In order to show that sequential insertion with betweenness order leads to a lower runtime, we corrupted the betweenness values with zeromean fixedvariance Gaussian noise prior to ordering the nodes in the queue. Figure 2 shows the effect of such perturbation on runtime for a graph of 2000 nodes and 4000 edges. The runtime shows expected behavior as the runtime jumps when Gaussian noise becomes large enough to cause perturbations in the largebetweenness nodes. We also note that 1000variance noise (which is relatively small, as the log betweenness is about seven) caused zero losses in runtime, and therefore future algorithms could use a heuristic version of betweenness calculated by random walk or approximative methods. Our algorithm would perform as well given lownoise approximations.
BFL runtime dependency on graph density
While BFL is optimized for sparse networks, we show that BFL performance may actually improve with dense networks. In is not usual that the most of the nodes of the biological networks have high degrees. Instead, this is reasonable to consider parts nodes have high degrees in the network since they work as hub genes in the network [28]. Thus, we have applied our layout algorithms to the following graph. 10% of the node has high degree m (m is around 10% to the total node n). For a random graph with 2000 nodes (= n) and 7000 edges, we have created two graphs by adding (i) 4000 edges to 10% nodes (i.e. 200 nodes around degree 20 (= m)) and (ii) 40000 edges to 10% nodes (i.e. 200 nodes around degree 200 (= m)). For those graphs as in Table 6, the runtimes are reasonable as (i) 0.05 s and (ii) 3.7 s.
BFL compared to existing algorithms
Table 6 shows the various runtimes of our algorithm against those of four other competing algorithms. Forcedirected and optimization algorithms similar to our own were chosen from possible candidates. By this criterion we compared against KamadaKawai [29] and Fruchterman Reingold [30] energy based algorithms in Pajek [31], GEM (Generalized ExpectationMaximization) based optimization in Tulip [32], and the RSDFP layout algorithm in InterViewer [33]. It is worth noting that our algorithm is implemented in Java while the competing algorithms are native applications. Thus, if our application were implemented efficiently in C, we would be able to achieve even faster runtimes with even more drastic results. A future goal is to implement KK, FR or GEM algorithms using the sequential insertion and betweenness weight functions used in the BFL algorithm. We hope to be able to get true forcedirected algorithms which can produce better results with no increase in runtime.
Resulting Layout of BFL compared to those of others
We show layouts of UO Analysis using GEMTulip (Figure 3), Pajek (Figures 4 and 5), RSDFPInterViewer (Figure 6) and our algorithm BFL on Cell Illustrator (Figure 7) [34, 35]. The graph was not of extremely high degree; however, Pajek and InterViewer both produce layouts with no discernible network structure. Tulip with automatic sizing performs better, sorting all of the unconnected networks to the outside; however the program took eleven minutes, an order of magnitude more than any other program. Our betweennessbased algorithm was the fastest and also produced a readable layout. Our algorithm can naturally create a multiscale layout, making lowbetweenness nodes smaller to give space for large betweenness nodes and edges. Figure 8 shows an enlargement of a section of the graph, demonstrating this feature of our algorithm. Magnification shows that the complexity of the graph is simply stored at smaller sizes. In contrast, all other algorithms fail to create such a layering.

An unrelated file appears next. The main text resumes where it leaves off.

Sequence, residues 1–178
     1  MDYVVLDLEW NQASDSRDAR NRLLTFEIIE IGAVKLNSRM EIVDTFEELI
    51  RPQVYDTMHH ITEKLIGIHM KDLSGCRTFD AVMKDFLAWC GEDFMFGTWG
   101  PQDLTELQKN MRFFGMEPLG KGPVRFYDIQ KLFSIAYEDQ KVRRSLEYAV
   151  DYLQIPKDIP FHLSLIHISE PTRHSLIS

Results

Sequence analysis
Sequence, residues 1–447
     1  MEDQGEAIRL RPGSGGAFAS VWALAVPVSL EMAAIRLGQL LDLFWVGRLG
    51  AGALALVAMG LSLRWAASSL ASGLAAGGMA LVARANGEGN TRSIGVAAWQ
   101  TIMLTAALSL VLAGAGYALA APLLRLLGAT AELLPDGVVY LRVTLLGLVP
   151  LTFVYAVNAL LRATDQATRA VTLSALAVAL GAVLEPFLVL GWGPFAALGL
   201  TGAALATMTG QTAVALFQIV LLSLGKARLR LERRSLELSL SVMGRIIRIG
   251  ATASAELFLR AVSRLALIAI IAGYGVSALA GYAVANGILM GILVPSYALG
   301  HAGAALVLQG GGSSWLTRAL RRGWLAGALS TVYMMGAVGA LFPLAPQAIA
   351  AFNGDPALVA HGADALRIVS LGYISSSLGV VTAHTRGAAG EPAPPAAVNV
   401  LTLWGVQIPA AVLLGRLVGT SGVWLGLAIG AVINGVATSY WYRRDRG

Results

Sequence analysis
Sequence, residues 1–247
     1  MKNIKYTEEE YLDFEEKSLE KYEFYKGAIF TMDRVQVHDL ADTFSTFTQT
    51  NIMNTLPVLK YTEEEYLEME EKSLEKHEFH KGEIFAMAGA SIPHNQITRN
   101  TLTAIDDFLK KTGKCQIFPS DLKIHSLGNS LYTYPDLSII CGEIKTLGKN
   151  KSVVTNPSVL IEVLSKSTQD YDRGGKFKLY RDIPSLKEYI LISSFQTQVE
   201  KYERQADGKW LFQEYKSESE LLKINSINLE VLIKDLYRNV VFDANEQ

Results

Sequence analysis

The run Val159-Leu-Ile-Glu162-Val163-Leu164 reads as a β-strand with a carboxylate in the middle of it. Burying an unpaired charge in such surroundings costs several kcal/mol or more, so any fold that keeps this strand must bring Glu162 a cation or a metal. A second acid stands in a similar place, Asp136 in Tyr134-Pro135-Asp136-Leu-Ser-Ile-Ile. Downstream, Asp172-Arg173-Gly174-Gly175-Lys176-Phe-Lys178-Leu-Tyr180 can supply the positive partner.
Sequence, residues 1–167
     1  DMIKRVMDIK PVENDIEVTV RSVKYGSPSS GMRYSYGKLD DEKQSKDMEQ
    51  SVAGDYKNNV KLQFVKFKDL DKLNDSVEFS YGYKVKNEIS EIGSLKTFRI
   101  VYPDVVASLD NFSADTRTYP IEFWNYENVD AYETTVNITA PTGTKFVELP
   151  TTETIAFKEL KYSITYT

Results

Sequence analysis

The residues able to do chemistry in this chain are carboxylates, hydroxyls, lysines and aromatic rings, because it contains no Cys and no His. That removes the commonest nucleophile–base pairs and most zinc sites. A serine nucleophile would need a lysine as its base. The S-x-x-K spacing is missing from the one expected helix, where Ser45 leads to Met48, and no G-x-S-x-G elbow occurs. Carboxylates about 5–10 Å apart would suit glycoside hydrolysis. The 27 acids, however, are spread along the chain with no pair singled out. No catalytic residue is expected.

We also note that the runtime of this set was significantly lower (800 ms) for the betweenness algorithm compared to the others. The betweenness algorithm performs drastically better than others with sparse and multiscale datasets, while the competing algorithms have similar performance in randomly generated graphs.
Betweenness is critical to BFL layout structure
In order to show that betweenness enforces aesthetic constraints of density and compactness, we compared BFL to a modified version which did not weight scores based upon betweenness. Figures 7 and 9 respectively show the original and modified version of BFL. While the unweighted density, edge length and crossing parameters were similar in both runs, the unmodified BFL is visually superior because of its ability to force lower betweenness nodes to conform to larger betweenness nodes.
Conclusion
Our BFL layout algorithm mainly achieved following two points: (i) the important elements (high betweenness nodes and edges) are emphasized in the resulting layout, (ii) the layout algorithm runs in realtime for large scale gene networks (around 10000 elements). For a graph with n nodes, this approach reduces the expected runtime of the algorithm to O(n^{2}) when considering edge crossings, and to O(n log n) when considering only density and edge lengths. We also compared against fast graph layout algorithms and approaches requiring intensive optimizations. For gene networks, our algorithm was faster than all layout algorithms tested while providing readability on par with intensive optimization algorithms. We achieve a 1.4 second runtime for a graph with 4000 nodes and 12000 edges on a standard desktop computer. We will develop an effective tuning method for scaling parameters automatically in response to change in graph degree and optimize the algorithm further. We also intend to show that the layout algorithm provides a rough metric of functional relations, where betweenness separates functionally unrelated units and identifies hub genes.
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Acknowledgements
Computation time was provided by the Super Computer System, Human Genome Center, Institute of Medical Science, University of Tokyo.
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Basic idea was conceived by MN. Idea was developed and implemented by TH, with KK and MN advising. The manuscript was written by TH and revised by MN and KK. SM supervised throughout. Manuscript was read and approved by all authors.
Tatsunori B Hashimoto, Masao Nagasaki contributed equally to this work.
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Keywords
 Short Path
 Layout Algorithm
 Node Betweenness
 Betweenness Score
 Generalize Zeta Function